With the COVID-19 pandemic continuing to create business disruption and increased stress for employees, companies are signaling they are ready to invest significant resources to provide mental health and wellness programs for workers, a new study has found.
The 2022 Employee Wellness Industry Trends Report, released by Wellable Labs, found that 90% of employers reported increasing their investment in mental health programs, 76% were increasing investment in stress management and resilience programs, and 71% were increasing investment with mindfulness and mediation programs.
The report found that employee demand is driving this new investment, and said that employers are doubling down on providing mental health resources while shifting some wellness strategies away from in-person and onsite solutions and toward remote and digital offerings.
Investment trends: some areas are growing, others in decline
The study surveyed employers about a wide range of wellness solutions and strategies. It found that in addition to the mental health, mindfulness, and stress management investments, other areas of investment were telemedicine (80% investing more) and COVID 19 vaccinations (57% investing more). The report said that vaccine mandates are causing some companies to invest more in vaccines, along with other COVID-19 risk reduction strategies.
The study highlighted a shift in emphasis on mental health programs: before the pandemic, in 2018, 66% of companies said they would invest more in mental health, with 29% saying they would invest the same. By 2022, those numbers had changed, with 90% investing more and only 9% investing the same.
Telemedicine was also dubbed a “rising star” with employers. In 2020, 60% of companies said they would invest more in telemedicine, and that number has continued to grow: in 2021, 87% of companies said they would invest more in this area and in 2022 the number was only slightly less, at 80%.
“Employees and employers alike have come to appreciate telemedicine’s ability to offer flexible, on-demand, and cost-effective solutions,” the report said. “As a result, companies now view this benefit as indispensable.”
As some strategies and tools have risen during the pandemic era, others have seen a significant decline in investments: 63% of employers said they will invest less in on-site fitness classes, 59% will invest less in health fairs, and 54% will invest less in providing healthy food at work. In addition, there are declines in biometric screenings (50% less) and on-site clinics (35% less).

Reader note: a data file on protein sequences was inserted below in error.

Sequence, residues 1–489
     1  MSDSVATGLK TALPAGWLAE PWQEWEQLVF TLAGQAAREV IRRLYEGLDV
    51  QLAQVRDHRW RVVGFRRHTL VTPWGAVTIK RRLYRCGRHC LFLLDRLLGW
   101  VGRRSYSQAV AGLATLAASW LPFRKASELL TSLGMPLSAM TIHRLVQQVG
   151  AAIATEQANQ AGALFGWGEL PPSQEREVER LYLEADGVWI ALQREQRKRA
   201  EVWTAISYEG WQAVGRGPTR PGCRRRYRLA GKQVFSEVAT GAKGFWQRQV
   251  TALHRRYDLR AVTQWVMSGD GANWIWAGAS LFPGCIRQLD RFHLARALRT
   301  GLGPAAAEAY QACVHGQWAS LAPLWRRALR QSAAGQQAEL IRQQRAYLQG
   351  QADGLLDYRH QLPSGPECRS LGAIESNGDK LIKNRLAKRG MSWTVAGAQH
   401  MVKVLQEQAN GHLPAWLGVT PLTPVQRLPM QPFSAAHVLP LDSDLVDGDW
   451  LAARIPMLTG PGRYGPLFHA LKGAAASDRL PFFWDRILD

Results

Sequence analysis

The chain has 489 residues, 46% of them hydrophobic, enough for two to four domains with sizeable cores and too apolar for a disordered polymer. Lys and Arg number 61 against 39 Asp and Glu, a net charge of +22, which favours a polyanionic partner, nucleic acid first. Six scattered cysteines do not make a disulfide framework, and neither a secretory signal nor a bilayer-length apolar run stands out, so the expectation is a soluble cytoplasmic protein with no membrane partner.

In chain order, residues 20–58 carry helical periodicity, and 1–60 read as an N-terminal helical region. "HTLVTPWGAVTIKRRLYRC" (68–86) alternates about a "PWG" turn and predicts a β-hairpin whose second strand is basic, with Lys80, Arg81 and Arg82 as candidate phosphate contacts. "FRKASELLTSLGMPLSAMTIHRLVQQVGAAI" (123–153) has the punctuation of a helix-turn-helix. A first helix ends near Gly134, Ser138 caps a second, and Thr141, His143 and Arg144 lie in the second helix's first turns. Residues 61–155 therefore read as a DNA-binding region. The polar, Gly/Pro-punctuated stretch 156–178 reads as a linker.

“In general, employers appear to be moving away from benefits that depend on in-person interactions, even with COVID-19 prevention measures in place,” the study said. “This is largely due to the availability of alternative solutions that satisfy the same wellness goals.”
The broker perspective: employers need a plan
The report noted that as stress and burnout continue to be major issues, brokers are urging employers to identify a clear strategy for managing workplace stress. The study found that only 1% of brokers say their clients have a strong understanding of how well employees are managing stress in the workplace. Because of this, brokers are urging employers to look at budgeting to address this issue, and to create more internal resources for stress management at work. The report said that such resources are needed because current solutions such as mental health programs and flexible work schedules will not be enough to mitigate employee burnout.
“After two volatile years filled with unpredictability, resilience is declining, and employees are looking to their employers to generate certainty,” Sullivan said. “Organizations now have no choice but to reevaluate their total benefits strategy and their unique employee needs to ensure their approach meets the demand of the modern employee. Based on the trends we’re seeing … employers should focus on benefit selection and design through a lens of empathy, support, and expectation management, and they should emphasize rebuilding trust within their organization. Those who do will have the best chance of rebuilding their workforce for long-term success as we come out on the other side of the COVID-19 pandemic.”